The U.S. federal Court of Appeals for the Ninth Circuit has held that bare allegations that a defendant was the registered subscriber of an Internet Protocol address associated with copyright infringing activity is insufficient to support claims of copyright infringement.
The case involved a Nevada company that holds the copyright to the film The Cobbler, which was unlawfully distributed from an IP address registered to an Internet subscriber in California. The company asserted copyright infringement claims against the subscriber, alleging that he directly infringed the company’s copyright by copying and distributing the movie himself or, in the alternative, contributed to his household members’ infringement by failing to secure his internet connection.
The Ninth Circuit affirmed the district court’s dismissal of the claims as well as a quite rare awarding of more than $17,000 in attorney fees for the defendant. The court held that to assert infringement, the company had to show that the defendant himself infringed the company’s copyright, which it failed to do. In fact, the company conceded that its investigation did not permit identification of the specific party that is likely to be the infringer.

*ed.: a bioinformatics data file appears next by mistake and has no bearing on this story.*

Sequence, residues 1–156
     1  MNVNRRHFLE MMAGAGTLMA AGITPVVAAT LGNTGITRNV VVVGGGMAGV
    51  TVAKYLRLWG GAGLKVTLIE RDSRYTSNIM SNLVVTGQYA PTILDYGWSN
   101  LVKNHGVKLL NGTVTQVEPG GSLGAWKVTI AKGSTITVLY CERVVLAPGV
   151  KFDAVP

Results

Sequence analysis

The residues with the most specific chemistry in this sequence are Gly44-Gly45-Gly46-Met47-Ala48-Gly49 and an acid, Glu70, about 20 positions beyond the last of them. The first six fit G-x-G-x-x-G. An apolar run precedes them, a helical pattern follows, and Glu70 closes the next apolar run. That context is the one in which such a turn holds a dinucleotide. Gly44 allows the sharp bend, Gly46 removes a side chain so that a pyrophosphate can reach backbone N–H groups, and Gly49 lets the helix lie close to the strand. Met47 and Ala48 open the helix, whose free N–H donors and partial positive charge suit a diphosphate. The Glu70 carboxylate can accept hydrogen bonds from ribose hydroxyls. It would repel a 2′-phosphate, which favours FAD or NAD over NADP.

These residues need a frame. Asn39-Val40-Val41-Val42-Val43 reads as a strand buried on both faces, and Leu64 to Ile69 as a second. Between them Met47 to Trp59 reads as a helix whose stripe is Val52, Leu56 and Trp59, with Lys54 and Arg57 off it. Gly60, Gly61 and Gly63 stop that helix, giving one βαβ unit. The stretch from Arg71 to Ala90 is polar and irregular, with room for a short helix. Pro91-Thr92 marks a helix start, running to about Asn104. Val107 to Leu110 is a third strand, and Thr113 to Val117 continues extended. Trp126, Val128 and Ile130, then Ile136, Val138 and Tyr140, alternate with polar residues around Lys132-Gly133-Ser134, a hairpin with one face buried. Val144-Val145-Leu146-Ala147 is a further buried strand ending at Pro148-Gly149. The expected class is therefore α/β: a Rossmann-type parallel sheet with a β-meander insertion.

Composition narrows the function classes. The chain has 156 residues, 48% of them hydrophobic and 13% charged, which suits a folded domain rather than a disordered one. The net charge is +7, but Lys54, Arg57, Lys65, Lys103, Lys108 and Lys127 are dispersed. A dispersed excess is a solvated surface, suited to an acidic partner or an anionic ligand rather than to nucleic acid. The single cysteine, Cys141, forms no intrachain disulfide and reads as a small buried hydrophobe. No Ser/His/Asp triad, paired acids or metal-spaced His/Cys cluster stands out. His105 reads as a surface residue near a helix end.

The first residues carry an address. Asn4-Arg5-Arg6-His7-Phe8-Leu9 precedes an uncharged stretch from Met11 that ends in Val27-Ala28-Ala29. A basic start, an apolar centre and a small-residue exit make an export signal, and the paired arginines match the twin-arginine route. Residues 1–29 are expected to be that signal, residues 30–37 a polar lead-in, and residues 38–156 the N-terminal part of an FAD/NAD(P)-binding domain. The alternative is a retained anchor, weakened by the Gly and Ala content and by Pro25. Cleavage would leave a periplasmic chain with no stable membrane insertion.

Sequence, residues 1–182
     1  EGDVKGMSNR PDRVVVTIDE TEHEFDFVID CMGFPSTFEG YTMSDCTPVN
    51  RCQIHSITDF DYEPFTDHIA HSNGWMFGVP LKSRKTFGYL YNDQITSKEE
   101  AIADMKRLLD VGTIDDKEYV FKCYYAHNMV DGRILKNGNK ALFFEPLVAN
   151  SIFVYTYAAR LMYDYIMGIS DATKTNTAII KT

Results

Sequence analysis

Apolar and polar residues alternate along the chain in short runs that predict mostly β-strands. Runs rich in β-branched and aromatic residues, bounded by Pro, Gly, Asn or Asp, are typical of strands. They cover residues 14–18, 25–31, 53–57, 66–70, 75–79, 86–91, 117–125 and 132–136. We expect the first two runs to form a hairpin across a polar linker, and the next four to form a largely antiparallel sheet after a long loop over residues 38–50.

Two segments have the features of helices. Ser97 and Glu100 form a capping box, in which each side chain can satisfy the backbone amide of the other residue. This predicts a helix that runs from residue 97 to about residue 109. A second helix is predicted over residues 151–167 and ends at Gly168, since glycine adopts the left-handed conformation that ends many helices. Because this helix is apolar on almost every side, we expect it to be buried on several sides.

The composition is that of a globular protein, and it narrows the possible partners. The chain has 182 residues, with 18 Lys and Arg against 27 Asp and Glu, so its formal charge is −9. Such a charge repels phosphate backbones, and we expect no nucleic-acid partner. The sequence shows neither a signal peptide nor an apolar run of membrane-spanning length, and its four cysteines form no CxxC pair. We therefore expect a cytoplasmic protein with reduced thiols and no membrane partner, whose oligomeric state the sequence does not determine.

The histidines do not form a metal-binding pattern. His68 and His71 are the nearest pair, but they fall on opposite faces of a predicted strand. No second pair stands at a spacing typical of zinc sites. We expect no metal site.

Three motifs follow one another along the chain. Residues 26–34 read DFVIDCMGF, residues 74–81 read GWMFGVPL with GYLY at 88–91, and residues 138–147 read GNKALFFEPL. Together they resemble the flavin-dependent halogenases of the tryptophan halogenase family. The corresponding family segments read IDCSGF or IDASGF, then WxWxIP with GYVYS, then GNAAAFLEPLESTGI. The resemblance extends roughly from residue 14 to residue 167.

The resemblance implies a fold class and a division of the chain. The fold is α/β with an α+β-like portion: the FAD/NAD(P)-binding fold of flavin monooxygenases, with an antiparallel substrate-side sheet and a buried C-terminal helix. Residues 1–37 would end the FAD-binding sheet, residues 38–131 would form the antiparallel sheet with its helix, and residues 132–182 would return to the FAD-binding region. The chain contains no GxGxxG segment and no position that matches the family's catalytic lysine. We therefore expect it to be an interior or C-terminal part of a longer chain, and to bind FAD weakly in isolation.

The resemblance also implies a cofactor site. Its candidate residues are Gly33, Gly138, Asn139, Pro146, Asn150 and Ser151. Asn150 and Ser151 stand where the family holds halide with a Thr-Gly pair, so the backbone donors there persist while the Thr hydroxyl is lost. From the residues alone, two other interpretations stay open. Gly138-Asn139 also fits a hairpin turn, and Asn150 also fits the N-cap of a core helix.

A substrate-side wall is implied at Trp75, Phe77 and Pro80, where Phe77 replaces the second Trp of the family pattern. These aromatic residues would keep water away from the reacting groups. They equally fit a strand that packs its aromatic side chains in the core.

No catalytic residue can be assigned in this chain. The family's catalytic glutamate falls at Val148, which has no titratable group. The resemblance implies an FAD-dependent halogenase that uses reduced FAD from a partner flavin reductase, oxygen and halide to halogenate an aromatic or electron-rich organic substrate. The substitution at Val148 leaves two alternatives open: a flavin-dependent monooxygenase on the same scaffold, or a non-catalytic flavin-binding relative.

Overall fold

The Ninth Circuit went on to hold that the subscriber’s failure to take affirmative steps to prevent infringement by his household members does not give rise to contributory infringement. Contributory infringement arises when a person actively encourages or induces others to infringe, yet the Nevada company did not allege that the Californian subscriber did so.
CLICK HERE to read the decision.